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Re: [T TBS R] When you have a flat tire?

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  • petermholmes
    ... AAA here. :) That being said, on long trips I also pack a can of Fix-A-Flat.
    Message 1 of 10 , Apr 20, 2010
      > My normal method of getting home when I've got a puncture is to
      > call the RAC..:-)

      AAA here. :) That being said, on long trips I also pack a can of Fix-A-Flat.
    • BRAD LEWALLEN
      I had a flat in the middle of nowhere Arkansas about 500 miles from home. I thought I was prepared. I had tire levers, spare tube, center stand, C02
      Message 2 of 10 , Apr 21, 2010
        I had a flat in the middle of nowhere Arkansas about 500 miles from home. I thought I was prepared. I had tire levers, spare tube, center stand, C02 cartridges, knowledge, and 4 friends. I am here to tell you, that was a character builder. We worked on that tire for about 3 hours. The hardest part was breaking the bead. The tire levers I had were the smallest ones I could find (to save space of course) and we bent them almost immediately. We finally figured out you can break the bead using another bikes side stand and some t-shirts to protect the rim on the ground. once we got the bead broken, it was hard work to get one side of the tire off the rim, and just as hard to get it back on. A couple of times I thought I may have punctured the new tube while putting the bead back on. The tube was fine in the end. I'm not sure what I would have done had I been alone. As it was, I bought all the drinks for my buddies that night.
        There has to something out there to deal with breaking the bead on sport tires if you are alone. Anyone have any experience changing a TBS tire solo?

        --- On Mon, 4/19/10, Norm Bour <normb1@...> wrote:


        From: Norm Bour <normb1@...>
        Subject: RE: [T TBS R] When you have a flat tire?
        To: triumphthunderbirdsportriders@yahoogroups.com
        Date: Monday, April 19, 2010, 5:33 PM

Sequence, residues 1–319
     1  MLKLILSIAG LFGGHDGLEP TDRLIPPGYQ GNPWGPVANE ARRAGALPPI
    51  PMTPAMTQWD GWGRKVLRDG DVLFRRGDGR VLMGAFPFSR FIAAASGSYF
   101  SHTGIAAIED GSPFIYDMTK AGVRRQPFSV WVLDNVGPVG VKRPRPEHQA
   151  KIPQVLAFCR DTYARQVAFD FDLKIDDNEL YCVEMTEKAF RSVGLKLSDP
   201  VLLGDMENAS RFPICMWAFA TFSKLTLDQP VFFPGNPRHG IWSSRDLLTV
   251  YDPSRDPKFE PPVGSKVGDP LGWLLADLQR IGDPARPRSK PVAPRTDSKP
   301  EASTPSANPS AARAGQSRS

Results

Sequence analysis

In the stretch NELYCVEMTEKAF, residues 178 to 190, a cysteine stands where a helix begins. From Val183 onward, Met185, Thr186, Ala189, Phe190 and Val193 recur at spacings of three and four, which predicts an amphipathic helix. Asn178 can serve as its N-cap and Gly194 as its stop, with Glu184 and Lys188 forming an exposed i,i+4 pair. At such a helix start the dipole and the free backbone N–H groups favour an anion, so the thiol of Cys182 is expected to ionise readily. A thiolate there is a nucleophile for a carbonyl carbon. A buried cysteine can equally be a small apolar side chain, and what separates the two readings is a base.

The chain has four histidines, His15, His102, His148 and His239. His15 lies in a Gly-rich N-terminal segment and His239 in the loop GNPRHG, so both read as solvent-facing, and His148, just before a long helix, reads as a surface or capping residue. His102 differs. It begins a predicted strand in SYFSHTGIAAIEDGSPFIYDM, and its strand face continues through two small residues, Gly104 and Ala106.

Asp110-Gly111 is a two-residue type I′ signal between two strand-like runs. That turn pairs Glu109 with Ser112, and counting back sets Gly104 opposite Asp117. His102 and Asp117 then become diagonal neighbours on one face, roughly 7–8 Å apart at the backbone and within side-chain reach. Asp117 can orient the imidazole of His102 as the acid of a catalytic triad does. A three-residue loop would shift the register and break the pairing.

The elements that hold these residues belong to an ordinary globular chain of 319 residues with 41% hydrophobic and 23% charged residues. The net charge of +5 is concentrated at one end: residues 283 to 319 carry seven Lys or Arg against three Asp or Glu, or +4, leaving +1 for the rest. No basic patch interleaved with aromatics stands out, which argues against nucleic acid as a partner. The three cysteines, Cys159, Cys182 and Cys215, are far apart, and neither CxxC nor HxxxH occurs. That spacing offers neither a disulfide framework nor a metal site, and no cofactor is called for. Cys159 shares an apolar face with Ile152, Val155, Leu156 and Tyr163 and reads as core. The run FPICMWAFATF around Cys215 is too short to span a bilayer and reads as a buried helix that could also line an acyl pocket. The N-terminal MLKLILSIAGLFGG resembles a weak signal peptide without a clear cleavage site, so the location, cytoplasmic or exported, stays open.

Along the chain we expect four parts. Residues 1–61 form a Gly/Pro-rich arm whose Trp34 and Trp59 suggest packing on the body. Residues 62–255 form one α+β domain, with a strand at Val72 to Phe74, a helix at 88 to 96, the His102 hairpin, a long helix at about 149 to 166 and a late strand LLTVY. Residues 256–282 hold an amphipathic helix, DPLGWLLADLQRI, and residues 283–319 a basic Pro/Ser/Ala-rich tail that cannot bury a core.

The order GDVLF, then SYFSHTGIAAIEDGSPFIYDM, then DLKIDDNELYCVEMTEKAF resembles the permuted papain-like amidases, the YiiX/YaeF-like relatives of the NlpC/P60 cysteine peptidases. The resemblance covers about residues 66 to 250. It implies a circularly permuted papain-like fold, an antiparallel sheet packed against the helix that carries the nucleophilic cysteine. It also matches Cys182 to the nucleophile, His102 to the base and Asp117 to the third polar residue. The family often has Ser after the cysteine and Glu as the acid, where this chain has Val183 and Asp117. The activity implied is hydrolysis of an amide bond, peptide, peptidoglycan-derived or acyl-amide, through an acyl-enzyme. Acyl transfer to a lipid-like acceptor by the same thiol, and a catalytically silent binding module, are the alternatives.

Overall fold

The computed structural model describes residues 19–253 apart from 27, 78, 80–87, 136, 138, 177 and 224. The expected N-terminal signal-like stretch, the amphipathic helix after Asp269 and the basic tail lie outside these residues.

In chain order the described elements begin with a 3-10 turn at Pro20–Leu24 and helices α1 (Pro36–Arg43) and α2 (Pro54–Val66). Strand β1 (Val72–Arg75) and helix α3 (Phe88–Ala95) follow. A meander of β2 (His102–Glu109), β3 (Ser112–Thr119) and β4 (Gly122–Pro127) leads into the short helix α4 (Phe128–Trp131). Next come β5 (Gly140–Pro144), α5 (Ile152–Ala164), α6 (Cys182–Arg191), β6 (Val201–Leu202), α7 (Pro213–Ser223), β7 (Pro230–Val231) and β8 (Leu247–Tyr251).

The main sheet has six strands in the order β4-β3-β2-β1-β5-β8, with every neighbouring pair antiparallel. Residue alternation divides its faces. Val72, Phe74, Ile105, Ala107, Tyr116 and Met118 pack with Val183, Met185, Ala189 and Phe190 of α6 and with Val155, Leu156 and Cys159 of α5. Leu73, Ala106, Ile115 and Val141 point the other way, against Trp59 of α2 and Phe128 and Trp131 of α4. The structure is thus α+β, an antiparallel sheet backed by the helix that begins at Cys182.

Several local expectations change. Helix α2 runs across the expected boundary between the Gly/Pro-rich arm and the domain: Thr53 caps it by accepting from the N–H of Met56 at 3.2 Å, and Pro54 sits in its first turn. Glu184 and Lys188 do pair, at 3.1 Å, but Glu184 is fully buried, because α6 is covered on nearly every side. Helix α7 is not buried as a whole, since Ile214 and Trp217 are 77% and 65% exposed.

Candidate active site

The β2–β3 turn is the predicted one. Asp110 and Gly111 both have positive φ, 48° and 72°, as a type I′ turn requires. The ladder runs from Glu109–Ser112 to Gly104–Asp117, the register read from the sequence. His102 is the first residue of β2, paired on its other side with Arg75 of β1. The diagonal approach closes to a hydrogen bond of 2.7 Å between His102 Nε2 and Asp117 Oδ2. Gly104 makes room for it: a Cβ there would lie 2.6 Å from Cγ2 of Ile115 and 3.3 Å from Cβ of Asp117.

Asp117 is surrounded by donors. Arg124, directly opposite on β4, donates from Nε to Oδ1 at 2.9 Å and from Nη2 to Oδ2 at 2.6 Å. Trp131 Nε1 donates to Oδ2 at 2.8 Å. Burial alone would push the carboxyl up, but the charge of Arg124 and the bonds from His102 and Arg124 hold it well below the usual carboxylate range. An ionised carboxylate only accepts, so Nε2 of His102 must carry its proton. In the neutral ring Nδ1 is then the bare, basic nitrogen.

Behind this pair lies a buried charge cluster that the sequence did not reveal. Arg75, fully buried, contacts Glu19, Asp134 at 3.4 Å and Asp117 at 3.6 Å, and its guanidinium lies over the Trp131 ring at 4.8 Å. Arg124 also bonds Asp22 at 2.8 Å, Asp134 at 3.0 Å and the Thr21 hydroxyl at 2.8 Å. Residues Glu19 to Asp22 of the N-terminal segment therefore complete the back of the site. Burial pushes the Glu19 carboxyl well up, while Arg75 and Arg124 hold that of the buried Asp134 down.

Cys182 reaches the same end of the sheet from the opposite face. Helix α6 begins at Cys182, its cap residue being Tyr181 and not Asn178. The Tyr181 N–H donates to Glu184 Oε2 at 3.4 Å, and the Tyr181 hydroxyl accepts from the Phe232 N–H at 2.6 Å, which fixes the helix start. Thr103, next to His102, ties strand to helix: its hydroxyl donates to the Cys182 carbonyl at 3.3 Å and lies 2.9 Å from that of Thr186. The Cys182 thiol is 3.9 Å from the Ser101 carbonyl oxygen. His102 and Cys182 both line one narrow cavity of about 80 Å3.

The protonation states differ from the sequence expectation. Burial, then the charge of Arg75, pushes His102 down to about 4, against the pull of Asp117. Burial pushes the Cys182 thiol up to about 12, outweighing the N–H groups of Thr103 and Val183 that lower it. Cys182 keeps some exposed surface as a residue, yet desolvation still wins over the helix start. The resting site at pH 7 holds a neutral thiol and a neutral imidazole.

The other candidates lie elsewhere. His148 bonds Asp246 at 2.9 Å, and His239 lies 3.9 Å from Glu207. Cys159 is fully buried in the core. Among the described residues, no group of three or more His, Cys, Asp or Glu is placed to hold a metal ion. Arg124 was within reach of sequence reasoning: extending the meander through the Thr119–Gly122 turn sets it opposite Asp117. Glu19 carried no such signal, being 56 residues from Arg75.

Ran into the same thing two years ago and no amount of slime will fix it.
        Once the tube is cut fugetabouit. I was towed to a dealer, put in a new
        tube, so if you do ANYTHIUNG, keep a spare one on a long trip.

        AlohaNorm

        The OC

        _____

        From: triumphthunderbirds portriders@ yahoogroups. com
        [mailto:triumphthunderbirds portriders@ yahoogroups. com] On Behalf Of
        mikepadgett2002
        Sent: Monday, April 19, 2010 12:15 PM
        To: triumphthunderbirds portriders@ yahoogroups. com
        Subject: [T TBS R] When you have a flat tire?

        What do you guys do when you have a flat when riding your TBS? Last year
        while riding in north GA and NC while on vacation, I picked up a drywall
        screw that penetrated to the inner tube. Not to fear, I thought. I was
        equipped with a bottle of SLIME and the small battery powered pump from the
        SLIME company. Well, I removed the seat, connected the battery, removed the
        valve stem, squirted the gel into the tube, replaced the valve stem and
        commenced to pumping. Nope, no way. Didn't work. I imagine had my TBS been
        equipped with a centerstand, I could've rotated the rear wheel to better
        distribute the SLIME gel prior to attempting to inflate the tube. I was
        rescued by an old guy who stopped by in his pickup truck. He drove back